Remember STK? If you don't, it's probably because you had one too many drinks during your visit to the modern steakhouse that's less of a restaurant and more of a dinner party.
After one hell of a "disco nap" (almost two years) and delays in opening, STK has finally been resurrected in a new spot at the 1 Hotel & Homes with a slightly different look and some new menu items. But don't freak out just yet – the wagyu beef lil BRG's, lobster mac 'n' cheese, and foie gras French toast that made STK known as the female-friendly "not your daddy's steakhouse" are still here.
New Times was invited in during its soft-opening phase (the grand opening was last night) for a taste of the menu. It certainly didn't feel like a soft opening. Tables of good-looking groups of men, twosomes getting to know each other, and young professionals starting their celebratory night filled the dimly lit dining room. As for the bar, it's cougar city over here. Ferocious and forward ladies scour the territory for available prey.
And the food? Chef Aaron Taylor is back from STK's previous life to helm the kitchen. Although STK might have gone into a slumber, Taylor was doing anything but snoozing during the time this place was closed. He kitchen-hopped throughout STK's other locations, bringing back a few tricks and inspiration for new dishes (see duck below) to the Magic City.
Black Rye Affair ($14) mixes templeton rye, lemon juice, blackberries, and mint.
If you were having withdrawals from STK's puffy, pull-apart, doughy bread topped with blue-cheese butter and accompanying chive oil, we get it. But good news is you needn't mourn any longer.
Since we did a media tasting, the prices below don't reflect the actual portion size of plates.
Heirloom tomato with delice de Bourgogne cheese ($15).
Grilled octopus with purple potatoes, capers, and heirloom tomato ($18) wasn't the most exciting tentacle I've ever chewed on, but it was nicely cooked and seasoned.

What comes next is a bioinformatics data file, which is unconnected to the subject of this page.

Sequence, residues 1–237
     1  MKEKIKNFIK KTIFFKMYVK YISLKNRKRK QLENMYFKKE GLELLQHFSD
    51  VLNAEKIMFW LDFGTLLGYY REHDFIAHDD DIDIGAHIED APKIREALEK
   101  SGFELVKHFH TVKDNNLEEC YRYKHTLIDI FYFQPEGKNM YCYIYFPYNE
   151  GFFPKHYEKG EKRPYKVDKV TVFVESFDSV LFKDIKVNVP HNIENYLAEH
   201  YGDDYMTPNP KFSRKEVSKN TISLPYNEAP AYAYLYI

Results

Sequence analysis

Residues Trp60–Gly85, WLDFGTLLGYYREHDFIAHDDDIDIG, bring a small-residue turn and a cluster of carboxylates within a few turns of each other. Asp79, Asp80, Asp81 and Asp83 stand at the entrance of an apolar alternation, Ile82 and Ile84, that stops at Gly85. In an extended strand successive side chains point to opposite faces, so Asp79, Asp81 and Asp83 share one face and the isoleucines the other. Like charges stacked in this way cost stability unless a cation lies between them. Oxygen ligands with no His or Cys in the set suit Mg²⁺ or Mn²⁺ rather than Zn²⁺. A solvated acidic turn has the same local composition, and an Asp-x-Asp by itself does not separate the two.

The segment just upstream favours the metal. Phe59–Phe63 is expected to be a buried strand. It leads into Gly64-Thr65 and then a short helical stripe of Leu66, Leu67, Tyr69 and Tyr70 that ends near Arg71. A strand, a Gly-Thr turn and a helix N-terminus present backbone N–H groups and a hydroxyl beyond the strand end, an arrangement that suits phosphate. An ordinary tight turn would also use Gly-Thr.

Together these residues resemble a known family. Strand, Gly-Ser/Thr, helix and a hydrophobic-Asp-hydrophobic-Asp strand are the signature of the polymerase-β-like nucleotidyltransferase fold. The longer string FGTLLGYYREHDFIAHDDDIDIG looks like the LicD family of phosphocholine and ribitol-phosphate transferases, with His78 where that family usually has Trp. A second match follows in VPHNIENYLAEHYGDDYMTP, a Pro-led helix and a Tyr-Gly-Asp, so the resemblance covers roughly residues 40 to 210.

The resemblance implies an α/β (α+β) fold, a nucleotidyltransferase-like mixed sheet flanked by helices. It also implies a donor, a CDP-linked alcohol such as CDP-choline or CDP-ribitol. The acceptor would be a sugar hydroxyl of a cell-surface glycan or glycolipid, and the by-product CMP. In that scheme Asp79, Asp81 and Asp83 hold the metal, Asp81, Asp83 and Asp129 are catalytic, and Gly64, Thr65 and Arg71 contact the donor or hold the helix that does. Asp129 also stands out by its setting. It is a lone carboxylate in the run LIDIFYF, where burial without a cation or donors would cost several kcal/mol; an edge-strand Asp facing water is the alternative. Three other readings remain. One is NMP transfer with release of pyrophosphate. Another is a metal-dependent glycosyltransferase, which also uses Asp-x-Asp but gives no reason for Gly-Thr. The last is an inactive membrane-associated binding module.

Seared scallops with short rib marmalade, squash puree, and pomegranate ($19) was a favorite dish of the evening and a nice play on surf 'n' turf.
"Every STK has duck on their menu," says Taylor. "But Miami never did." That is until now. In spite of it being served a tad bit cool, the spiced duck breast was the best dish of the evening. Taylor sources from notorious bird farm, Long Island Crescent Duck, and uses both the breast and leg. The latter is confit and turned into a roulade, while the breast gets rubbed with curry, cinnamon, brown sugar, and French chili pepper. It's served with apricot pistachio chutney and pickled red cabbage ($36).
Chili rubbed rack of lamb cooked to a nice medium rare and served with sunchokes, caper chimichurri, and lamb jus ($45).
Obviously STK is a steakhouse, so you should give in to the carnivore within you and opt for some type of beef cut during your visit. You can go small (6-ounce filet medallion, 8-ounce skirt steak, or 10-ounce strip loin), medium (10-ounce filet, 16-ounce sirloin, 14-ounce bone-in filet, or 20-ounce bone-in rib steak), or do it big with a 24/32-ounce porterhouse or 34-ounce cowboy steak. Our table devoured a sliced 20-ounce bone-in ribeye ($51) without minor hesitation.
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Sides (all $10) include cauliflower gratin, STK's signature jalapeño cheddar grits, mac 'n' cheese, parmesan truffle fries, brussel sprouts, and tater tots to name a few.
For dessert, the churro milkshake with dulce de leche ice cream, cinnamon liquor, and, of course, churros is still very much a staple.